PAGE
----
Tuesday 5 April 2016

Spring is really here

Yesterday I went up into the Shiga prefecture forest then down to Lake Biwa just to see how the season is changing; and it is.

My first frogs were singing in both forest and fields, Barn Swallows have even reached northern Shiga and evening bats are out in force. On the down side, Lake Biwa is looking relatively birdless and big finch flocks have all but disappeared from the forest.

I didn't arrive until after daybreak and unsurprisingly I was too late for the pre-dawn scops owl chorus so I was amazed to hear one briefly at 08:05. Equally unexpected I didn't hear my first displaying Copper Pheasant until 08:25. I had already seen a female by then but a bird flushed unseen against the low sun through thick vegetation was my only other encounter.

Another very close Japanese serow was impossible to photograph as it bolted down hill (how do they do that?) and a White's Thrush also managed to thwart my best efforts to get a single shot of it. White's is a species I come across from time to time around Lake Biwa in winter but this is the first I can recall finding in the hills in spring. This Varied Tit on the other hand was far more confiding...



Once down from the hills another thrush was the first bird of interest, a female Dusky x Naumann's intergrade. This was an obvious intergrade and the first I've seen for some time, years in fact, so it was unfortunate that a farmer chose that moment to drive up behind me on a single track road and by the time I got back to the spot the bird had gone. Another good bird with no photographic evidence!

The narrow valley between the hills did provide a few good opportunities though. Two flocks of Rooks were grubbing around on the fields and an Eastern Buzzards was reasonably approachable.





Unlike in Kyoto where it's often necessary to stake out your cherry blossom picknick spot from first thing in the morning this family had it all to themselves. My Copper Pheasant hills are in the background and the fields in the foreground were full of buntings, Common Snipe and popular with fly-over Eastern Marsh Harriers and another Eastern Buzzard. There were also a couple of Green Pheasants - it's always nice to see both species in a day.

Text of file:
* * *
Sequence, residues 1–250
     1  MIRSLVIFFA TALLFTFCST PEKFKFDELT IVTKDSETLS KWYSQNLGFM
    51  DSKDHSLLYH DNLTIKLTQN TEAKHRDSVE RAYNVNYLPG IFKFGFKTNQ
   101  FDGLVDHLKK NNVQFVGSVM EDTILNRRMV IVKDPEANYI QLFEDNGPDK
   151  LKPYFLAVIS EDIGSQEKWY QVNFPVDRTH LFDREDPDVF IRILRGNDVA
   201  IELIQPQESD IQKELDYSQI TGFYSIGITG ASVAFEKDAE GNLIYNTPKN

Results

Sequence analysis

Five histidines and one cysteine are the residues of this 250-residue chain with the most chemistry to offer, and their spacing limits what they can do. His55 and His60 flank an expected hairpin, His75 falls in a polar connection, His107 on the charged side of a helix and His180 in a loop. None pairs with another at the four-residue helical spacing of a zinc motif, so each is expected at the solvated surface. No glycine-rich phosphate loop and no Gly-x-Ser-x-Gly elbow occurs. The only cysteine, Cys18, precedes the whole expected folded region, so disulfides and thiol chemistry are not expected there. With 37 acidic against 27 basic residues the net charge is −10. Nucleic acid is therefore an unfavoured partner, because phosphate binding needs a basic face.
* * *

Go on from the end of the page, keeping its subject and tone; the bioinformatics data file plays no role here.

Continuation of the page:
Common Snipe: I'm cheating here, I got this shot a few days ago in Mie.



Rustic Buntings.

I spent a lot of time looking at Reed Buntings here, the variation intrigued me when I came to Japan many years ago and it was good to see a number of birds feeding in the open. But more of that another time. Further south along the lake I spotted a tractor ploughing a field. This is usually a good chance to sift through wagtails and pipits but on this occasion the field was full of Black Kites.

Black Kites following the plough.





Before heading home, or rather before joining an endless queue of traffic heading for Kyoto, I couldn't resist this Little Grebe bathing in the late afternoon sunshine.

List of species recorded:-
Copper Pheasant   1 female, a male heard and another bird flushed
Green Pheasant   1 plus 1 heard
Eurasian Wigeon   100s
Mallard   widespread in low numbers
Eastern Spot-billed Duck   common
Northern Shoveler   30-40
Eurasian Teal   c20
Tufted Duck   20-30
Little Grebe   2-3
Great Crested Grebe   several displaying pairs
Grey Heron   common
Great White Egret   c20
Little Egret   3
Great Cormorant   c10
Black Kite   common
Eastern Marsh Harrier   3
Hen Harrier   1
Eastern Buzzard   2
Common Coot   1000s
Grey-headed Lapwing   4
Common Snipe   c25
Common Gull   7
Black-headed Gull   c15
Rock Dove   several
Oriental Turtle Dove   widespread
Japanese Scops Owl   1 heard
Japanese Pygmy Woodpecker   2 heard
dendrocopos sp   2-3 heard
Japanese Woodpecker   1 plus 2 drumming and 2 calling
Jay   c10
Rook   2 flocks totalling c80
Carrion Crow   common
Large-billed Crow   common
Great Tit   fairly common in the forest
Coal Tit   several, numbers way down compared to previous trip
Varied Tit   common in the forest
Willow Tit   surprisingly none!
Barn Swallow   several
Long-tailed Tit   common
Skylark   common
Brown-eared Bulbul   common
Japanese Bush Warbler   several singing
Japanese White-eye   common in the forest whereas it has been scarce recently, the reverse of Coal and Willow Tits.
Wren   3 heard
White-cheeked Starling   several
White's Thrush   1
Pale Thrush   8
Dusky Thrush   common
Dusky x Naumann's intergrade   1
Red-flanked Bluetail   1
Daurian Redstart   1 heard
Eurasian Tree Sparrow   common
White Wagtail   several
Japanese Wagtail   1 heard
Buff-bellied Pipit   1 heard
Oriental Greenfinch   common
Eurasian Siskin   2 flocks heard
Eurasian Bullfinch   2-3 heard
Japanese Grosbeak   c150 plus smaller numbers here and there overhead
Meadow Bunting   common
Rustic Bunting   c10
Reed Bunting   common

Japanese serow   1
sika deer   1 plus c8 heard

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